In recent years, Detroit’s fledgling school system and constant infighting between teachers and governmental officials has dominated national headlines.
That infighting and bitterness came to a head in May when teachers staged a sickout.
The protest addressed the uninhabitable classroom conditions — mold, inoperable restrooms, and broken air conditioner/heating units — that contributed to health issues.
It also brought the school system’s inability to pay teachers’ salaries to the forefront of the news cycle.
Atlanta Black Star reported earlier this year that lawmakers passed a $715 million education reform plan in March to bail out Detroit Public Schools’ $515 million operating debt.
It appears that the city of Detroit is in constant instability.
However, one man sees the light before the dawn and has grown tired of the political circus.
Amazon engineer and Detroit native Thomas Phillips hopes to provide an alternative — a positive educational environment — with his Aspire Tech Bus project.
The 33-year-old wants to gut old buses and transform them into mobile tech labs where he will teach coding to Detroit’s youth.
Philips spoke to Atlanta Black Star about the inception of his dream project, funding and diversity in the tech industry.
From The Midway to The West Coast
After building a computer in high school, people realized Phillips had a knack for tech.
Subsequently, teachers and counselors persuaded him to pursue a career in technology.
“Computer engineering just happened to be something I like to do. The people that advised me didn’t know what a computer engineer did,” he said. “When I got to the University of Michigan, that’s where I started my degree. I struggled at it initially, but I always liked it. I wish I had exposure to that type of stuff [earlier].”
In 2014, Phillips moved to Seattle to take a job at Amazon as a quality assurance engineer.
While he enjoys his job at Amazon, he said he misses being around Black people.
Phillips has only been in tech for two years but he sees the glaring diversity issues people talk about. Currently, he is the only person of color on his team.
Phillips told ABS that his primary reason for taking the job was to pass along newly acquired skills to Detroit’s youth.
Meanwhile, his wife, who runs a non-profit dance school, is back in Detroit holding down the fort.
“She got a part-time job at Delta Airlines and we fly back and forth for free.”
Seattle is thousands of miles away but it has afforded him a chance to help his city.
What is the Tech Bus?
In June, Philips participated in the third annual Hack The C.D. (Central District) conference — in Seattle’s historic Black Africatown — announcing his tech bus project to the world.
The conference served as a mixer between community members, entrepreneurs and business investors.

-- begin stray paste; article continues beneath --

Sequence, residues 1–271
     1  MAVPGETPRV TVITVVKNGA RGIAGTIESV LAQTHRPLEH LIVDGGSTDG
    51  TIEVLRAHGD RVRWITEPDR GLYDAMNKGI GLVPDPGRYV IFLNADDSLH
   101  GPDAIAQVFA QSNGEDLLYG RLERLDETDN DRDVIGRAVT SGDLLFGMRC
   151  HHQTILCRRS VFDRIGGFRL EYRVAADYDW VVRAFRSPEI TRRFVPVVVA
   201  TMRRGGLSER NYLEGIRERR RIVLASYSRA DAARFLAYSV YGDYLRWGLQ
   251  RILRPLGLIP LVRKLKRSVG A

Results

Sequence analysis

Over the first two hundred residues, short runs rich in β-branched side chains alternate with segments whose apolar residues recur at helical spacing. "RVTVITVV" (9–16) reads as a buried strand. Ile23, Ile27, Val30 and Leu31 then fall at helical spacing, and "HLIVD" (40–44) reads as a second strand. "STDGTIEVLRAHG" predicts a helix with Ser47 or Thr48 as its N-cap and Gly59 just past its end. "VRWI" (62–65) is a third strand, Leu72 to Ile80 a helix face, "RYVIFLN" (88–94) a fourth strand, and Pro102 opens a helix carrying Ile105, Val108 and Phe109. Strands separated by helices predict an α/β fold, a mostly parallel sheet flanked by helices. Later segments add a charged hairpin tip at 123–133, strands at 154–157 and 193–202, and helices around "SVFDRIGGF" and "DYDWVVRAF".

Since then, he has developed a curriculum that would help teach high school students how to create a web page and run a server.
After he guts out a school bus, he will transform the insides to a mobile classroom with multiple workstations.
He hopes the interior will look similar to the model below:
Within two semesters, students will be able to host a website. They will have a portfolio of projects and their own website to show off their skills.
He plans to teach eight to 10 students with the help of a teaching assistant. Ultimately, he wants to have numerous buses capable of teaching a classroom of 10.
In addition, Phillips will equip the bus with Raspberry Pi workstations for his student learners to put the concepts they learned into practice.
Already, the tech bus has attracted Detroit Public Schools attention. They discussed a “possible partnership and dual enrollment program.”
Phillips is currently applying for grants and figuring out ways to fund his dream. He has applied for a grant through My Brothers’ Keeper of Detroit and hopes to collaborate with other applicants.
Lend a Helping Hand
Philips wanted to create this project to help other students interested in tech avoid “similar pitfalls” that he experienced early on.
He told ABS that it took a decade to get his undergraduate degree as he floated around to various colleges for 10 years.
However, if he had the proper guidance, those missteps could have been avoided, he said.
In recent years, Phillips has come to understand that he has the power to influence youth.
He told ABS that he feels passionately about the students in DPS.
“I just want to help. I don’t want to wait on the city or state to get their stuff together. There’s an opportunity to act. And I feel that I have a certain skill set, certain passion that is going to help somebody. Why do I have to wait for red tape to clear?”
The success he garnered teaching and mentoring kids will continue with the Aspire Tech Bus.